But the one factor that did make for the greatest sense of satisfaction and happiness was lending a helping hand. In fact, those willing to give of their time or money were 42 per cent more likely to be happy than those who weren’t.
Ignoring the boiling pot
For months, Andy was one of those who just couldn’t get steady income when intending for herself or even having her Masterclass focus on her.
She then started experimenting with altruism – shifting her intention to others outside her group, and immediately she got the breakthrough she needed. Soon after, out of the blue, she found her dream coaching job.
‘At times, focusing on one’s own intention may be the metaphysical equivalent of a watched pot not boiling,’ Andy later wrote to me. ‘Focusing on the good of others and being of service takes the focus off ourselves in a way that allows movement without noticing the passage of time. Perhaps altruism is the secret way of both consciously and non-consciously NOT observing, so the desired outcome can occur.’
It’s clear that altruism brings out all the loftier emotions in us and gives our life a sense of meaning. It may even be the key to whether we live or die. The powerfully transformational mechanisms at work in my healing intention groups appeared to be the unique power of group prayer coupled with a deliberate focus away from the self.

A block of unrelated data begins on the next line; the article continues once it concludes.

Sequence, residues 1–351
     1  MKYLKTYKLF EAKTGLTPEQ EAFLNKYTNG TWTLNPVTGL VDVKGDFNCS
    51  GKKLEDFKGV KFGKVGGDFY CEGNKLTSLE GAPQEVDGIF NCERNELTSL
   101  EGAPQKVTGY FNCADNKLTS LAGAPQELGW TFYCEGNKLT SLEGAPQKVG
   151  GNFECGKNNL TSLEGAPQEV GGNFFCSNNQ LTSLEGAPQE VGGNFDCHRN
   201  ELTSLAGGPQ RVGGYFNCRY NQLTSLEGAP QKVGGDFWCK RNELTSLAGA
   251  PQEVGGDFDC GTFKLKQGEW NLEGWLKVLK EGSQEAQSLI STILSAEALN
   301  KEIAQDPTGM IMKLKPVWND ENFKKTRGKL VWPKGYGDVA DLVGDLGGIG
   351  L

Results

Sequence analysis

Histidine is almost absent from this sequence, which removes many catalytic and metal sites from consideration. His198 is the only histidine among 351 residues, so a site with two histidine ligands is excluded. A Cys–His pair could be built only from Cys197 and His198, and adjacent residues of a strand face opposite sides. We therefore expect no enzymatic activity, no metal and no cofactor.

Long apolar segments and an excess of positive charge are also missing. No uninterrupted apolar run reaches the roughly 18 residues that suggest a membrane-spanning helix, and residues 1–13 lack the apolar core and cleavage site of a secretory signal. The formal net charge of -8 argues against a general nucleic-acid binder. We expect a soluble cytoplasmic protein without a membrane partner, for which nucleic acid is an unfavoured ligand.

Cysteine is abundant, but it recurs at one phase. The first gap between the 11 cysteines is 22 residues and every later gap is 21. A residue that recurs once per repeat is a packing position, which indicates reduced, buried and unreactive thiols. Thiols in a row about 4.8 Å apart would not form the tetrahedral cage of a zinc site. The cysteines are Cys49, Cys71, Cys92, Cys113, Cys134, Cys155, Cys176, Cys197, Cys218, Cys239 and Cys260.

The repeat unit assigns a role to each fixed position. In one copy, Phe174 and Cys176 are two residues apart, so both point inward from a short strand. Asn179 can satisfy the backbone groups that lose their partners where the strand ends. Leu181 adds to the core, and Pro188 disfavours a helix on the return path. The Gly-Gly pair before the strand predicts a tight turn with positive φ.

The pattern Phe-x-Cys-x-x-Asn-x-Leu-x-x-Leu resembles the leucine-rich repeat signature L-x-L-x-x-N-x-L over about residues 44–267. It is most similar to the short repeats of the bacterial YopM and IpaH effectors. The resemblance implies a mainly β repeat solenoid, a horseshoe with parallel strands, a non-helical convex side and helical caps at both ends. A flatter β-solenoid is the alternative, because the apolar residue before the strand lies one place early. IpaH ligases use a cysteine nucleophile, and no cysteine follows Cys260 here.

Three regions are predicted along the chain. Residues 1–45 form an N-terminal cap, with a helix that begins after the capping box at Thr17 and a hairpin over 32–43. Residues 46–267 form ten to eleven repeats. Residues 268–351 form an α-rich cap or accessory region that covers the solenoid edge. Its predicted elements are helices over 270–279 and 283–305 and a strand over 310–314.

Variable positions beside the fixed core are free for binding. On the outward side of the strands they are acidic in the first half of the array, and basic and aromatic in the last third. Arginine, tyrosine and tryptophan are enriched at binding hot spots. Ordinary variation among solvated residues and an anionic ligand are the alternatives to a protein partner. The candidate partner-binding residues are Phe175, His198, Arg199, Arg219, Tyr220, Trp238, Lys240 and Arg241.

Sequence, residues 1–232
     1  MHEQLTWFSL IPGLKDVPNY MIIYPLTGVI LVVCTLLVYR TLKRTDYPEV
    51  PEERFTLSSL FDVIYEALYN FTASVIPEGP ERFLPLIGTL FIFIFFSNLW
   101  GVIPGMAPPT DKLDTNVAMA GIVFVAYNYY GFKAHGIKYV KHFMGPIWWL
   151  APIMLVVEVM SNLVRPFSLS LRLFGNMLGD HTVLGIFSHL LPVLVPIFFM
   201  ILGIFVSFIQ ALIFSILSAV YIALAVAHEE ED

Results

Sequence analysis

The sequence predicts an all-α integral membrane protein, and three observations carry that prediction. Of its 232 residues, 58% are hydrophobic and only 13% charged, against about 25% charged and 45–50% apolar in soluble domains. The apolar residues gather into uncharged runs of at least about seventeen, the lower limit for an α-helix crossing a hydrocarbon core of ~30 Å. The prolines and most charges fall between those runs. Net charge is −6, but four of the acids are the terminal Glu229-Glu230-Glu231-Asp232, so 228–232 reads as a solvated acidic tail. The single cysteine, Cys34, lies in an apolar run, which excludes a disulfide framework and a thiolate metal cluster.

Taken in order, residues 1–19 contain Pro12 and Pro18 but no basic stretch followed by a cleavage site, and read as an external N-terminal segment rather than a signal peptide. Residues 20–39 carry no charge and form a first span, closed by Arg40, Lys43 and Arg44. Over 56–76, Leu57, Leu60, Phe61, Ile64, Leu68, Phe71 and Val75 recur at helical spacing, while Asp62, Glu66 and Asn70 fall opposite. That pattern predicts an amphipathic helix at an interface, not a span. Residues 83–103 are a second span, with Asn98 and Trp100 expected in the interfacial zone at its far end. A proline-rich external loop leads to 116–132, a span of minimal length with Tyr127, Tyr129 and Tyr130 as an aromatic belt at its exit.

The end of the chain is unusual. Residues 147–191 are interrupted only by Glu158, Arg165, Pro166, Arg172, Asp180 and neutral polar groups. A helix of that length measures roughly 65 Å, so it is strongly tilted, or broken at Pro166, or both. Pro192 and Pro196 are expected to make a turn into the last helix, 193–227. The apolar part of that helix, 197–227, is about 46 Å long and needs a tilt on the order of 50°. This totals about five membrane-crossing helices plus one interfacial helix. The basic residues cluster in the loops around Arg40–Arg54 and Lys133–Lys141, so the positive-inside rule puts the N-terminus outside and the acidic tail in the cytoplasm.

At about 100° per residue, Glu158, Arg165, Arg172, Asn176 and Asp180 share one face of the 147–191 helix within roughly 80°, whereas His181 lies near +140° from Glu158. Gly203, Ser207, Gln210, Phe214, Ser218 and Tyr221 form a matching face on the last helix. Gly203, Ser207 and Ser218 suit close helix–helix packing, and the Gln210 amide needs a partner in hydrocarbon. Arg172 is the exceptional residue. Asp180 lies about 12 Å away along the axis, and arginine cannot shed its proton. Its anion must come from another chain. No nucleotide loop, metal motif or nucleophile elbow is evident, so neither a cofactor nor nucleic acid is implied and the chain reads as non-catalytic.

It had been there all along, in the early Christian teachings, all those homilies so familiar that they that now sound like words on a Hallmark card: Do unto others. Love your neighbor as yourself.
Focusing on someone else heals the healer.

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Lynne McTaggart

Lynne McTaggart is an award-winning journalist and the author of seven books, including the worldwide international bestsellers The Power of Eight, The Field, The Intention Experiment and The Bond, all considered seminal books of the New Science and now translated into some 30 languages.

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99 comments on “The power of getting off of yourself”

  1. You might also want to compare notes with CCARE at Stanford University, where they've been researching and teaching compassion and altruism, and finding it helps the giver even more than the receiver.

  2. Lynne’s work is so wonderful, it really touches the totality of my being.
    The research and teaching at CCARE at Stanford (Dori’s post) is another tremendous achievement, I hope and pray that this educational advancement will quickly filter through the system and be heard at all levels of healthcare in other major universities across the globe.

  3. A cry for help!
    My friends R. Arthritis pains have increased and are still growing. It started during our power eight group intention experiment in Amsterdam, where she stood in the middle of. Our intention for her was " a life with painless joints"
    Should our intention have been "healthy joints "instead? I am afraid we did it wrong and would like to hear if that is the case and how I / we can help her to reverse her progressing pains.
    We love you, thank you! XJ

    1. Hi Johan, perhaps try holding this intention: " our intention is that ___ be free of Arthritis have healthy joints and be happy and healthy in every way". Also,If you would like to nominate someone for intention of the week, please send over their full name/ age/ location/ photograph and short description of health issue to Laura (